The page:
Young, who grew up 20 miles from Winged Foot and whose father is a club professional at a nearby course, eagled the drivable 303-yard, par-4 10th to provide his team a 1-up lead. Rank, the 2012 U.S. Mid-Amateur runner-up, sank a devilish 18-foot putt on No. 13 to square the match, and then set up another birdie on the following hole by punching an 8-iron to within 20 feet.
“Mine trickled into the hole at 2 o’clock – it was behind the hole and then fell in backward,” said Rank about his birdie putt on the par-3 13th. “It was dead-weight speed and overall broke 10 feet.”
Christovich, a realtor who is competing in his 11th USGA championship, struck a 100-yard gap wedge to 3½-feet to garner his team’s fourth consecutive birdie. Rank, who is professional hockey referee, ended the match when he made a 5½-foot par putt on the par-3 17th.
Asked if his team felt like the visitors in the match due to Young’s local ties, Rank said, “There were a few times where we thought we hit good shots and we kind of got the courtesy clap.”
Drew Allenspach, 29, of Louisville, Ky., and Matthew Van Zandt, 30, of Houston, Texas, dispatched Denver natives Tom Hart, 35, and Jonathan Marisco, 34, 5 and 4. The championship bracket’s No. 3 seed reeled off five consecutive birdies from holes 9 through 13 to break open a tight match, then sealed it with a sixth straight birdie to earn a winning half on 14.
Allenspach and Van Zandt will meet defending U.S. Amateur Four-Ball champions Nathan Smith, 37, of Pittsburgh, Pa., and Todd White, 48, of Spartanburg, S.C., in the second round. Smith and White birdied Nos. 3, 4, 5, 8, 11 and 12 en route to a 6-and-5 decision over Matthew Finger, 38, of Woolwich Township, N.J., and Michael Korcuba, 46, of Sicklerville, N.J.
“If you’re gonna play, you may as well play the best,” said Van Zandt, one of 13 players in the field who will compete in U.S. Open sectional qualifying on June 6. “I’m excited to see what their game is like. We came into this as kind of unknowns, so there’s really nowhere for us to go but up from here.”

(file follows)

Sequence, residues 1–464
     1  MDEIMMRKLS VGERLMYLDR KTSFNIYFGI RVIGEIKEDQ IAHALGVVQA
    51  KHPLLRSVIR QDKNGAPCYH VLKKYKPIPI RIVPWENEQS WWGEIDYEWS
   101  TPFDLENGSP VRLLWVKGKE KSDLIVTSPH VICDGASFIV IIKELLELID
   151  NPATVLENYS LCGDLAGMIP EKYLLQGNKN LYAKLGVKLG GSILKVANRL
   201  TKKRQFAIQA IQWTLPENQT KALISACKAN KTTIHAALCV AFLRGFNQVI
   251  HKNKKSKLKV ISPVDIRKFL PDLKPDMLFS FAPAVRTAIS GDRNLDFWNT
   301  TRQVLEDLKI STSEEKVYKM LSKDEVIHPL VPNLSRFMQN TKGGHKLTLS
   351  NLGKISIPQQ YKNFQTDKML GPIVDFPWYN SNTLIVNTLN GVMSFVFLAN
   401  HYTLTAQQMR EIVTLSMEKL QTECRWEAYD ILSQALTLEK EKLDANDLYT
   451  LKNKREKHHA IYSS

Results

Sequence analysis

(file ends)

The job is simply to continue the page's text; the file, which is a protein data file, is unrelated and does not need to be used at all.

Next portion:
Northwestern University teammates Andrew Whalen, 22, of Ephrata, Wash., and Dylan Wu, 19, of Medford, Ore., also advanced with a 4-and-3 victory. Whalen and Wu, the No. 5 seed, won the opening four holes with three pars and a birdie to take control against Iowa natives Jon Brown, 48, of Clive, and Jon Olson, 36, of Ankeny.
Frankie Capan, a 16-year-old from North Oaks, Minn., used late dramatics as he and partner Shuai Ming Wong, 16, of the People’s Republic of China, won in 19 holes. Capan made a sweeping, right-to-left 35-footer for birdie on No. 18 in a make-or-break situation to extend the match. Their team won with a par on the first extra hole.
On Monday morning, six sides tied at 3-under-par 137 participated in a playoff on Winged Foot’s West Course for the final two places in the match-play field. Maruyama, the son of PGA Tour player Shigeki Maruyama, moved his team into the bracket by making eagle on the second playoff hole. His 119-yard pitching wedge landed 8 feet past the flagstick and rolled back into the hole.
The U.S. Amateur Four-Ball is one of 13 national championships conducted annually by the United States Golf Association, 10 of which are strictly for amateurs.
Brian DePasquale is the USGA’s manager of championship communications. Email him at firstname.lastname@example.org.